Dakota Fire Pit Infographic

Here’s something that doesn’t weigh a thing to add to your Get Home Bag or Bug Out Bag… a little knowledge about how to build a Dakota Fire Pit.  While a fireless camp is the least likely to be observed there may be times when a fire is absolutely necessary…water purification by boiling (when you have no other methods available)  or to avoid hypothermia are two possibilities that come to mind.  Such situations call for a Dakota Fire Pit also known as the Dakota Fire Hole… the next most clandestine camp to a fireless camp.

Dakota Fire Hole Infographic

Dakota fire hole (Figure VI-15). Use the Dakota fire hole for high winds or evasion situations

Essentially the Dakota Fire Pit is a fire pit with a separate tunnel built to supply airflow directly to the fuel.  By keeping the fire below ground you reduce the light signature of the fire significantly and are able to get by with a much smaller fire than you would need above ground to accomplish the same cooking tasks.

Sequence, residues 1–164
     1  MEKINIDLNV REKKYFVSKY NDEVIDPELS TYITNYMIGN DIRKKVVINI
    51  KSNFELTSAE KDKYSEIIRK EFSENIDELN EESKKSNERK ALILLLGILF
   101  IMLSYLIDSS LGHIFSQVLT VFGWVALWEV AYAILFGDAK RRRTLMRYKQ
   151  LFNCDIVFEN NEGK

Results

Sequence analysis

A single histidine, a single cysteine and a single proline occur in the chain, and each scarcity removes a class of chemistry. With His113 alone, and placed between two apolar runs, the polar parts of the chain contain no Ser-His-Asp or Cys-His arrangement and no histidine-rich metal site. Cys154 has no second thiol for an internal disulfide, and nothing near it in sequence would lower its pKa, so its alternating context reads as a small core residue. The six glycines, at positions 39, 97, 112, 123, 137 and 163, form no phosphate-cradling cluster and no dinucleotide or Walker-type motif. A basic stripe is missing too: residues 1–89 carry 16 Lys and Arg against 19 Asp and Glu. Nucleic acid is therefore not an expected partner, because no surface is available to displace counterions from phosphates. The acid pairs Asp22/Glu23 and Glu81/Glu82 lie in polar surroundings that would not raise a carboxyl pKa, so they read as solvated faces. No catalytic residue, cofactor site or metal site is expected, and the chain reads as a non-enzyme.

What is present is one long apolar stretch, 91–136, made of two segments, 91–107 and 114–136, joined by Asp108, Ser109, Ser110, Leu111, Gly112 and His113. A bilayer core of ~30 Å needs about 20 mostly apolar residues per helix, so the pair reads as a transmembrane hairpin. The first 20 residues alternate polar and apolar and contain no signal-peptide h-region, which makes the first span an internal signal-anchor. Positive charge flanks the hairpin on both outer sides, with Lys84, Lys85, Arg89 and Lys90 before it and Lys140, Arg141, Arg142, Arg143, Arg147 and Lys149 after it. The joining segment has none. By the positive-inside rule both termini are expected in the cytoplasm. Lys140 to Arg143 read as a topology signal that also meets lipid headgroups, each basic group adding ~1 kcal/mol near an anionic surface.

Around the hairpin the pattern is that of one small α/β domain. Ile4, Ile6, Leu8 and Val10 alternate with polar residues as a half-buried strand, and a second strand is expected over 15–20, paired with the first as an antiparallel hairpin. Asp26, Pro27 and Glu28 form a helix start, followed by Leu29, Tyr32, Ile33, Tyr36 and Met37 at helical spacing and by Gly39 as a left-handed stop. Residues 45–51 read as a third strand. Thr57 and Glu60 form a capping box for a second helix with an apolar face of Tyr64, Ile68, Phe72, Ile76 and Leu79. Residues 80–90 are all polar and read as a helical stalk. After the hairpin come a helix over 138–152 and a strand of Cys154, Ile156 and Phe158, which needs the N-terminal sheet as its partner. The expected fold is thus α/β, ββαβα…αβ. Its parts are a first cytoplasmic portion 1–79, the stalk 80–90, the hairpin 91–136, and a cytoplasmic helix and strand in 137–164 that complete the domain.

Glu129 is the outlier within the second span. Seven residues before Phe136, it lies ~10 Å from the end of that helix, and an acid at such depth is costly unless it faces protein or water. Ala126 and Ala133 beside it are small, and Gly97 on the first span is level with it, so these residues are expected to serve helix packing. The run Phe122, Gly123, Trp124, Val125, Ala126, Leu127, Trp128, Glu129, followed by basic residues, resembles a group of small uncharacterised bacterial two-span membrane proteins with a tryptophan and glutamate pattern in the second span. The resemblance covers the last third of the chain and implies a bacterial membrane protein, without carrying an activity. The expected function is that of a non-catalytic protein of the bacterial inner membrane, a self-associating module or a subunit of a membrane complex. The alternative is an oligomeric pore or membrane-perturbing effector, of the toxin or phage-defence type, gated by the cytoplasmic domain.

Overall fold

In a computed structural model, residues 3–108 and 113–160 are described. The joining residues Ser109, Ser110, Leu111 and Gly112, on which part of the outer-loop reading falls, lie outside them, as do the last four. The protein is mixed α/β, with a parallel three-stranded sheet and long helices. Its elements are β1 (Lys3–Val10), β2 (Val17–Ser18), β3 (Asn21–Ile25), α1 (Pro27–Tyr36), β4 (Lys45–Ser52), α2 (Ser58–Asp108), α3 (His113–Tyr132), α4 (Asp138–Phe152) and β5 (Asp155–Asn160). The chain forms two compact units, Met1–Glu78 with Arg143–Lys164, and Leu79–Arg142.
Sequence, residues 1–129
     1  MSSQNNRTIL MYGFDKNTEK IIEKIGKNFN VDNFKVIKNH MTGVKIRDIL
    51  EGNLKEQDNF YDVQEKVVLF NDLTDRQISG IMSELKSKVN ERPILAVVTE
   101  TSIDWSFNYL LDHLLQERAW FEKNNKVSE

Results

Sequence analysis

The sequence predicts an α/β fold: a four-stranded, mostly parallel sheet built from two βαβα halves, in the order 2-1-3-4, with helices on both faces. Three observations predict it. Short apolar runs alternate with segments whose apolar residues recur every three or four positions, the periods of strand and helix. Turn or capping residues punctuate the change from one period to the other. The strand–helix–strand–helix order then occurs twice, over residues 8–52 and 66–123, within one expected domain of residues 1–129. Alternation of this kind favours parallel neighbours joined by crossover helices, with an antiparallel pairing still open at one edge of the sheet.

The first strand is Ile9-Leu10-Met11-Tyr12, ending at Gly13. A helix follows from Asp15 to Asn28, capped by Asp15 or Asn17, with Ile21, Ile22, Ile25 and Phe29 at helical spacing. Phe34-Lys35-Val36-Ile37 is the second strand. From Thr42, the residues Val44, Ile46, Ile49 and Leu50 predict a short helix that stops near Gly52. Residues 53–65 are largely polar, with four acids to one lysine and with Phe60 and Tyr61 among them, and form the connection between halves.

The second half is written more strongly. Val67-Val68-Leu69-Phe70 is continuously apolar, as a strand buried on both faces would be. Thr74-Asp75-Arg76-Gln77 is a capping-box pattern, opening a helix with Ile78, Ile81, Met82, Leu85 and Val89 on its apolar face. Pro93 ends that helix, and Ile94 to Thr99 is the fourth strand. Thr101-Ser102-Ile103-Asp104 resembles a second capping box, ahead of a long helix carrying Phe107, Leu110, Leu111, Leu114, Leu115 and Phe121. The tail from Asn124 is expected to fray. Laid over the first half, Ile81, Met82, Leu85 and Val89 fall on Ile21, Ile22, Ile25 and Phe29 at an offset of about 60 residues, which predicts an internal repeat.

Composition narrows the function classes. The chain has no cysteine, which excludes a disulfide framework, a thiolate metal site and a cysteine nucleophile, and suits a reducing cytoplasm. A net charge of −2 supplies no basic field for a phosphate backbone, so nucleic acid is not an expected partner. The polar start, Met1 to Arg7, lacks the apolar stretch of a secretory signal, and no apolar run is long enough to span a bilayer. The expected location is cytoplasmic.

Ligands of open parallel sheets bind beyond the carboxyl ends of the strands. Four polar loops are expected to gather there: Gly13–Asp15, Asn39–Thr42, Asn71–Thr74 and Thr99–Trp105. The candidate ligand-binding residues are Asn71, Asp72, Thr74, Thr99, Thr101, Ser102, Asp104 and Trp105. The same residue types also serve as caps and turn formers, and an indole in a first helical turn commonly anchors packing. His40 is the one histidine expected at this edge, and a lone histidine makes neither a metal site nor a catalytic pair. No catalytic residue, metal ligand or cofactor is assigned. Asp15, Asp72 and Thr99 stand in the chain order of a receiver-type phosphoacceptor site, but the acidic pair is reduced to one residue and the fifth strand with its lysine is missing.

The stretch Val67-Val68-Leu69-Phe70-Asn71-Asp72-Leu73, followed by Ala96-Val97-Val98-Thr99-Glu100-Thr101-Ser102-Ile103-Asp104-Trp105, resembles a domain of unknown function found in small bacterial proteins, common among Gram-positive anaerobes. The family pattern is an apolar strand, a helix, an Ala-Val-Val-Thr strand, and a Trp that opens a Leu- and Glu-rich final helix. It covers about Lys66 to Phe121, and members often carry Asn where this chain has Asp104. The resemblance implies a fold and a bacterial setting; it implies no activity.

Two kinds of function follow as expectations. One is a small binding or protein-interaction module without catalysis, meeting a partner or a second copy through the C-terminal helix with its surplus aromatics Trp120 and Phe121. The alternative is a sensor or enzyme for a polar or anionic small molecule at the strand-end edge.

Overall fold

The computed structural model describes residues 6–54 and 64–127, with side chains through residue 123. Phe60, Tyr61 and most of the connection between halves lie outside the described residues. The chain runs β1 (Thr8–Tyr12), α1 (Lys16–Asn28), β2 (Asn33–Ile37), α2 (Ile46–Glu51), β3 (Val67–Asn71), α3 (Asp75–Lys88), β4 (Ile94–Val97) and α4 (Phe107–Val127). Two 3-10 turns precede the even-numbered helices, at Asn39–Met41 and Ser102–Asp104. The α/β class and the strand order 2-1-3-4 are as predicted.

Here are some additional hints to make your Dakota Fire Hole easier to build and less likely to be seen:

  • Use the natural contour of the ground to make it easier to build…. you can dig into a hill horizontally for the airflow tunnel.  If you do this make sure to block the view of your airflow tunnel because it will be an additional potential place for light to escape.
  • Build under thick trees to obscure smoke (but not too close that you catch the trees on fire).  If this isn’t possible you can build a dispersion screen over the pit (same warning applies).
  • Set your pot down in the hole if possible or build a grate over the hole if necessary.

If a picture is worth a thousand words than how many words is a video worth?  Check out this Dakota Fire Pit video from one of my favorite YouTubers, Southernprepper1.

FM 21-76-1, MCRP 3-02H, NWP 3-50.3, AFTTP(I) 3-2.26, JUNE 1999
DISTRIBUTION RESTRICTION:  Approved for public release

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